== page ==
The notion of "longer, lower, wider" as requirements for automotive status made its exit along with disco and Dick Nixon. These days, content is king but price is still paramount in the minds of auto shoppers. The solution? Look to Japan, where a new breed of fully equipped minicars is making the leap from designers' pens to the streets of Tokyo. Epitomizing this new, emerging trend are the 2007 Suzuki Cervo and Chevrolet MW .
Suzuki Wagon RSuzuki Wagon RTiny cars are nothing new in Japan, where discriminatory tax laws and a severe shortage of parking spaces have conspired to create a distinct class of "Kei " cars no more than 11 feet long and limited to a mere 60 horsepower. The upside is that engines averaging 660cc (40 cubic inches) sip sparingly of increasingly expensive gasoline. Add in a generous helping of high-tech features like keyless entry systems, Bluetooth connectivity and four-wheel drive, and suddenly these ugly ducklings are looking rather swan-like. The Servo, MW and their Kei-car kin are also soaring up the Japanese sales charts in Japan, in marked contrast to most other vehicle segments that are experiencing painful slumps. Business Week estimates that the minicar market in Japan has reached an astounding 35% of new car sales in 2006, up from 24% ten years ago.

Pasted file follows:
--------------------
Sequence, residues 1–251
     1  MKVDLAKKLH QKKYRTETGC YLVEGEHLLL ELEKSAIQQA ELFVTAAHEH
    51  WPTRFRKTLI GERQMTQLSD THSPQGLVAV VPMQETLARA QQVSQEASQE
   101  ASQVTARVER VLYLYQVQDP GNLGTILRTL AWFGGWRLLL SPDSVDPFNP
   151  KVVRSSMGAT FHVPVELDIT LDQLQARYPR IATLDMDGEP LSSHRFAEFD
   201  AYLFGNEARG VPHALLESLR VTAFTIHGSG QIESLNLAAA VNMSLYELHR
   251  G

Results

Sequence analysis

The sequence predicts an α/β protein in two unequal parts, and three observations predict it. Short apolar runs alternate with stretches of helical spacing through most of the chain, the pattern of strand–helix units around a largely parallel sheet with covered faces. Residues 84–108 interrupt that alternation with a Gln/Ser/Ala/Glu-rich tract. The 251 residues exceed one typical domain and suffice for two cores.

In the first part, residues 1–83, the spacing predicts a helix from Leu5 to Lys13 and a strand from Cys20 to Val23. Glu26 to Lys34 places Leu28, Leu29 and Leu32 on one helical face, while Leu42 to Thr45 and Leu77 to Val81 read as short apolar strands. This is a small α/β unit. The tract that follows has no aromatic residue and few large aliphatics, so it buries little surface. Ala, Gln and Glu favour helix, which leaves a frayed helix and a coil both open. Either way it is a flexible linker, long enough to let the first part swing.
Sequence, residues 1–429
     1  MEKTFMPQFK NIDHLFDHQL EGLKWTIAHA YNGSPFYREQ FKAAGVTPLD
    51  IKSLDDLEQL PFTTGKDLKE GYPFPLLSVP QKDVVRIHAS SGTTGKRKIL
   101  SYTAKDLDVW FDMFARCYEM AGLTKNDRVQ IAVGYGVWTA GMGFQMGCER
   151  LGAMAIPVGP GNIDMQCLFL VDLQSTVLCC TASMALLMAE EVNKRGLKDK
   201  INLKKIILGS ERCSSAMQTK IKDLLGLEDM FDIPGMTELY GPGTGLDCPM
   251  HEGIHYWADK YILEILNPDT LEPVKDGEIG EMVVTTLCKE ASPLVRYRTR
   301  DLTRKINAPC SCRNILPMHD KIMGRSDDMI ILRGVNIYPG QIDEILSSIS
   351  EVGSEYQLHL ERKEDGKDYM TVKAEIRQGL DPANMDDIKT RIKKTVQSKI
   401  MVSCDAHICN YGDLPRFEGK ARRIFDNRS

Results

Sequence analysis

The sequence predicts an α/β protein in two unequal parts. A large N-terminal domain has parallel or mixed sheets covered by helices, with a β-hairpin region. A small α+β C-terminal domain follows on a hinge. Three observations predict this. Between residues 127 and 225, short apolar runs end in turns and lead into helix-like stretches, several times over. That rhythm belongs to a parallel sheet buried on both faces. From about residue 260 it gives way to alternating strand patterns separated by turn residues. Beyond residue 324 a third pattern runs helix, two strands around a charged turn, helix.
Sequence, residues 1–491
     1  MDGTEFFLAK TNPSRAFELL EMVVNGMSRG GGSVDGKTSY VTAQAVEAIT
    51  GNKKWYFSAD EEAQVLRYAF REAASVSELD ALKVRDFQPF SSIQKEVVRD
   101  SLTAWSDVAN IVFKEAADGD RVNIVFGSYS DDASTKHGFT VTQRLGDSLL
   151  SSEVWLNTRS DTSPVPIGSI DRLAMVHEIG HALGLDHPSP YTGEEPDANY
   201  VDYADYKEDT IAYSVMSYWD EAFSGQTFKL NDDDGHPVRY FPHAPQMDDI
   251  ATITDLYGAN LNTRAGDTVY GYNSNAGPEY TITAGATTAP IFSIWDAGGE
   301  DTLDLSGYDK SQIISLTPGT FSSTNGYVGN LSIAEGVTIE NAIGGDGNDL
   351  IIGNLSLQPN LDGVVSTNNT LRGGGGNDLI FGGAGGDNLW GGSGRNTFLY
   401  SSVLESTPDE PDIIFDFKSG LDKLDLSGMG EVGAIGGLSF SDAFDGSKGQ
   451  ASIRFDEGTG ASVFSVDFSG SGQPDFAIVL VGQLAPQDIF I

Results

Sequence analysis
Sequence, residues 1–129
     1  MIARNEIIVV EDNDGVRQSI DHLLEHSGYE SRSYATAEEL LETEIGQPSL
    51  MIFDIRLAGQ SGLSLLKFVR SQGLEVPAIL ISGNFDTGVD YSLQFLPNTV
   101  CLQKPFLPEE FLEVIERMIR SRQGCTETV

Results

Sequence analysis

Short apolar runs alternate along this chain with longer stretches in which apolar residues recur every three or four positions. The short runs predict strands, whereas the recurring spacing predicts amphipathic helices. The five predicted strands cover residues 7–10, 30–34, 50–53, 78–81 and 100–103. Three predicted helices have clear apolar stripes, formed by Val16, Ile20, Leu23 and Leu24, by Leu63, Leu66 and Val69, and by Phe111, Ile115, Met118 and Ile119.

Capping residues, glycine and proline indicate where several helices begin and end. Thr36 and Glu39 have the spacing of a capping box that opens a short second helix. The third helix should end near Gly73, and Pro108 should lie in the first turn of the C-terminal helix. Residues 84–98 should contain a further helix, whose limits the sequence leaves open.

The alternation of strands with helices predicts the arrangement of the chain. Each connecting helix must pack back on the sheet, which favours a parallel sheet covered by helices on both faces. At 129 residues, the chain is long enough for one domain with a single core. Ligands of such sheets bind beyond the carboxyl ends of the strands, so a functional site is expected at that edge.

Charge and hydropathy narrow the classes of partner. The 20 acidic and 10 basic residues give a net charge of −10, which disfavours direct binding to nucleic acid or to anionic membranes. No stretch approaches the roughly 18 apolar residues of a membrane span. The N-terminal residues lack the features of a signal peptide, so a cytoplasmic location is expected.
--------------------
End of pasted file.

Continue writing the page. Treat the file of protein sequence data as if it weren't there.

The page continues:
Minicars like Suzuki's Cervo and Wagon R boast high build quality and offer the same generous warranties that cover their larger siblings. Will we see these mighty mites on American streets anytime soon? You just, er, "mite"... Suzuki after all is 20% owned by GM, and the Chevrolet MW (a badge-engineered clone of the Wagon R) is already making a name for itself on Japan's highways & byways. The General should note that not all Americans drive at highway speeds beneath the big blue skies of Montana - millions of urban commuters would likely give the MW careful consideration, especially if gas prices continue to rise!
Japanese Innovations Writer